Officers at Leesburg and Beverly Shores elementary schools have worked hard to develop relationships with students. Now they’re hoping those relationships and out-loud messaging can open up conversations.

LEESBURG — Students at two Leesburg schools won’t see the traditional cop car outside their buildings this year.

Instead, they’ll be met with a newly designed police car exclusively made for Leesburg’s school resource officers.

The Leesburg Police Department unveiled the new cars to students at Leesburg and Beverly Shores elementary schools on Monday, showing off an anti-bullying message on cars that display school spirit.

“We wanted them to stand out and be vibrant; we wanted to get the kids’ attention,” said Sgt. Kim Stewart, who handles community services for the agency.

The labels on the cars, which were assigned to the school resource officer at each school, read “BE A BUDDY NOT A BULLY.” The slogan comes from a local anti-bullying program run at Leesburg High School, Stewart said.

They asked Leesburg Rotary Club member David van de Velde, who works with students at LHS on the school’s anti-bullying program, if they could use the slogan to tie the efforts together. Leesburg Police Chief Rob Hicks has worked with the program and the Rotary Club before, Stewart said, so the connection seemed obvious.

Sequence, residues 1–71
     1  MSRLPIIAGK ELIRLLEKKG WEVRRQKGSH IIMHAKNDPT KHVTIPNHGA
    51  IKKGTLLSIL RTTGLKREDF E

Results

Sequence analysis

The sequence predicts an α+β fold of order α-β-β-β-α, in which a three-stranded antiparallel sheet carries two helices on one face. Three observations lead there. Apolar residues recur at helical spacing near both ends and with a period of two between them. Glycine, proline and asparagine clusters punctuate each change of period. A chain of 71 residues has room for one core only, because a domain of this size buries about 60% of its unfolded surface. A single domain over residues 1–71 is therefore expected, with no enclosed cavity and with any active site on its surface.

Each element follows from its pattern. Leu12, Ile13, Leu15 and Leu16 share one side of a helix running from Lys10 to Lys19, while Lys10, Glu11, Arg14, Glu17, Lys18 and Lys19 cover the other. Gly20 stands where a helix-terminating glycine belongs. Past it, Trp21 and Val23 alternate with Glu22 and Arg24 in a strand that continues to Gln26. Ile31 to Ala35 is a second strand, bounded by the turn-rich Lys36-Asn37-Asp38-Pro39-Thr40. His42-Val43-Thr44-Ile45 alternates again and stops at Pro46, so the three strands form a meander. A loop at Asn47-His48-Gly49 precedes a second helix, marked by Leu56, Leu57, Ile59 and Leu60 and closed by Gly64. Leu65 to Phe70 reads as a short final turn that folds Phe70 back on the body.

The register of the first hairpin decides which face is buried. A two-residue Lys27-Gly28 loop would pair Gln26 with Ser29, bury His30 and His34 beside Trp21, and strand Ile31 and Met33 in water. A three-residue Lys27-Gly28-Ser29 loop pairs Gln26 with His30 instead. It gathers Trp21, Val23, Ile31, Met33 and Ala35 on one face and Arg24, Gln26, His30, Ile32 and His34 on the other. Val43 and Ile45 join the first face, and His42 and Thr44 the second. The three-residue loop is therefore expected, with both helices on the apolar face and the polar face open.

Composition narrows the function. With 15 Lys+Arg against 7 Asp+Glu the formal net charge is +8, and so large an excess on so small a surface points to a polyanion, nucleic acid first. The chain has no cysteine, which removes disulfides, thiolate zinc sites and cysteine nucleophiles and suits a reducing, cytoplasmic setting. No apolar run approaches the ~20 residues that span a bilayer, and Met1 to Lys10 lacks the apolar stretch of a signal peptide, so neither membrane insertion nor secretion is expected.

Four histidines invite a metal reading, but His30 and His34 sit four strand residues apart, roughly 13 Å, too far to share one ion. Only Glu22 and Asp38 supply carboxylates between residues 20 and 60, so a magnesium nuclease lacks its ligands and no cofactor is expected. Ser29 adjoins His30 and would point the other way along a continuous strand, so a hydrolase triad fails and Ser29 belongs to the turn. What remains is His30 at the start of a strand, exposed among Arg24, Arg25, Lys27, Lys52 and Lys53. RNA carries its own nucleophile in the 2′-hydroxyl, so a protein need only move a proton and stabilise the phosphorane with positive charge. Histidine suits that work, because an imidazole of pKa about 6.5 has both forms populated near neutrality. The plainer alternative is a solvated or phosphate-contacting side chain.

The cars also feature mascots and colors for their respective schools: an eagle on a blue car for Leesburg Elementary and a flamingo on a pink car for Beverly Shores. On the side, they feature the names of their drivers, Officers Travonte Kitchen at Beverly Shores and Alberto Venta at LES.

“The whole thing behind it is to give them a sense of pride and ownership of their school,” Stewart said.

The new wraps were paid for through sponsorships, Stewart said, and didn’t cost the department a dime.

Electrical Works of Florida, a local electric company, donated the partial cost and Hunter Signs, which wrapped the vehicles, handled the rest.

Stewart said that when the cars rolled onto campus Monday morning at Beverly Shores, everyone at the drop-off loop fell in love.

“The teachers, the parents, the kids, especially the kids, they all loved it,” Stewart said.

Hopefully, she added, that means they’ll bring them up in interactions with the resource officers.

Officers at each school have worked hard to develop relationships with students, and now they’re hoping those relationships and the out-loud messaging can open up candid conversations about bullying, Stewart said.

Leesburg's move falls in step with similar efforts across Lake County. With the help of a Eustis business owner, anti-bullying, anti-suicide messaging is also being spread in schools through the SpeakOut program, via lanyards and eight vehicles being wrapped in eye-catching decals.